My interest in plant population biology and evolution developed early in life through many hours of hiking and working in the Canadian Rocky Mountains. I completed a B.Sc. and M.Sc. at University of Alberta, where I worked on submerged aquatic plants and developed an interest in the biology of small, isolated plant populations. For my Ph.D., I shifted my focus to the genetic and evolutionary aspects of small populations in a project on genetic drift and mating system variation in a South American aquatic plant. As a Postdoctoral Fellow, I continued this line of study, this time studying inbreeding and its negative consequences.
Since coming to the University of Guelph, my research goal and that of my lab group is to understand the ecological and genetic processes operating in plant populations for the purpose of advancing our fundamental understanding of evolution and for addressing needs in conservation, agriculture and natural resource management.
More specifically, we investigate the mechanisms regulating genetic diversity and phenotypic evolution and, conversely, how evolutionary processes (drift, gene flow, adaptation, genetic diversity) affect ecological function of populations (reproduction, growth, persistence, extinction). To study these relationships, we focus on plant reproductive systems, those attributes that control mutation, gamete formation and quality, pollination, fertilization, and transmission of genetic variability across generations.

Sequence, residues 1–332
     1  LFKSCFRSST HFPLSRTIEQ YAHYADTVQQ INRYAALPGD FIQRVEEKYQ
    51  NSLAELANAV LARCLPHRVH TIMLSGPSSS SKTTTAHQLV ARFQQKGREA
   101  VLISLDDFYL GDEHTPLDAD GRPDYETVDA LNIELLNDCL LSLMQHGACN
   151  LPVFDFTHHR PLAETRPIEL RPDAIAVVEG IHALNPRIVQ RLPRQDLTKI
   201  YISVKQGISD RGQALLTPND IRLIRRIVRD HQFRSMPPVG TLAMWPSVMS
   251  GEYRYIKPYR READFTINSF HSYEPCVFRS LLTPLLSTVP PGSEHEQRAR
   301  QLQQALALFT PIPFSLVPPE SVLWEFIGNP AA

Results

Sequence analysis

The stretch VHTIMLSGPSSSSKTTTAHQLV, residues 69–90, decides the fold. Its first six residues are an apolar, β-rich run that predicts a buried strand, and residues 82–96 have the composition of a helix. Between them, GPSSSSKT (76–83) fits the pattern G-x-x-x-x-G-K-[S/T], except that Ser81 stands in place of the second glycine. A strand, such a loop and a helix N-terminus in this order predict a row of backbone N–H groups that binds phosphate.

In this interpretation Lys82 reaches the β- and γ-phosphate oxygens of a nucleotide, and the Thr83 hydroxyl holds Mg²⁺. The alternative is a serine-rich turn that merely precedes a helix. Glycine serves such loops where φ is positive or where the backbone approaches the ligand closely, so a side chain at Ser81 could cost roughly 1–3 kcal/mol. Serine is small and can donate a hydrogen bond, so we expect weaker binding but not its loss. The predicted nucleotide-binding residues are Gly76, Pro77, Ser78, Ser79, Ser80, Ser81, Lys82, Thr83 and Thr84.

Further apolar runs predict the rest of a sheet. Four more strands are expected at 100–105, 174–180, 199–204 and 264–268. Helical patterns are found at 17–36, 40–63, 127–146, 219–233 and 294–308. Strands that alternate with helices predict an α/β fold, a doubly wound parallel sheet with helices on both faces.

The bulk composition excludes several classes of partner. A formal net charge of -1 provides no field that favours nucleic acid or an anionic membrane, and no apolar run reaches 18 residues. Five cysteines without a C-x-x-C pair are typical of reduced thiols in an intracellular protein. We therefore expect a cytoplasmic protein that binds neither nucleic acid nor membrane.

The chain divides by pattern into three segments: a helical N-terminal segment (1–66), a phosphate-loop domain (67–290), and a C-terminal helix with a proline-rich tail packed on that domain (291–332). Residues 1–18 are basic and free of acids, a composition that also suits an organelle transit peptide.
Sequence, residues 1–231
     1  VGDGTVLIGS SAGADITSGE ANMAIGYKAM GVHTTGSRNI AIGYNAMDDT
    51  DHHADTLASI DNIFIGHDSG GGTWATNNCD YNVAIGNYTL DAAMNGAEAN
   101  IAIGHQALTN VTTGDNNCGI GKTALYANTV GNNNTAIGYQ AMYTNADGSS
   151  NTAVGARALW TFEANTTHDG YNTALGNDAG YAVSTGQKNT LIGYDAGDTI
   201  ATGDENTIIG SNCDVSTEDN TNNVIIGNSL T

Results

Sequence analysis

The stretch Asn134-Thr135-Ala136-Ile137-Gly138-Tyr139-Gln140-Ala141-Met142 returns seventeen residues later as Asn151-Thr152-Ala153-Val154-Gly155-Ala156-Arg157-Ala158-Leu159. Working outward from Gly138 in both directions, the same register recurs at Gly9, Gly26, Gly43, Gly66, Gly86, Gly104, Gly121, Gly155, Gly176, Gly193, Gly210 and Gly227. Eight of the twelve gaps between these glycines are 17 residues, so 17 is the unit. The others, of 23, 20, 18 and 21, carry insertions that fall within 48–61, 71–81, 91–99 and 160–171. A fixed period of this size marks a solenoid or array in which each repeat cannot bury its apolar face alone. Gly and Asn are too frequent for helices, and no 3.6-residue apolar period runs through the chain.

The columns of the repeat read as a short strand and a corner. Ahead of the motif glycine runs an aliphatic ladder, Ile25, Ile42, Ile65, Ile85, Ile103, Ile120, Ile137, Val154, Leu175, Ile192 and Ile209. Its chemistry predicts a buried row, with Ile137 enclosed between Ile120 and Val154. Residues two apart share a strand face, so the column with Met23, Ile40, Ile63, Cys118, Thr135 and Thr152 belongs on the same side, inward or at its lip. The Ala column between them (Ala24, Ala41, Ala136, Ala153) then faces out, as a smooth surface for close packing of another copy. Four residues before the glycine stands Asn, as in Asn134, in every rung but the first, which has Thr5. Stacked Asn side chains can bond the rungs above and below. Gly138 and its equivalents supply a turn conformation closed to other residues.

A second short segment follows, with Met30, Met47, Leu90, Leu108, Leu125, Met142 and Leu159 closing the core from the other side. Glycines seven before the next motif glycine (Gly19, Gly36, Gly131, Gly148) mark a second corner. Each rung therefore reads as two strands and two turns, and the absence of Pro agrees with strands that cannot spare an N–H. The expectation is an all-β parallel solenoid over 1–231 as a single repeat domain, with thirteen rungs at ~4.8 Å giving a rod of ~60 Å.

Currently, the lab is addressing three general research problems:
I. What are the attributes of small populations and how do we best conserve and restore threatened or endangered populations?
II. Why is the process of genome duplication so prevalent in plants?
III. How do we explain the diversity of reproductive systems in plants?
In addition to my role as a research scientist, I am a professor in the Department of Integrative Biology and Associate Dean, Academic, in the College of Biological Science.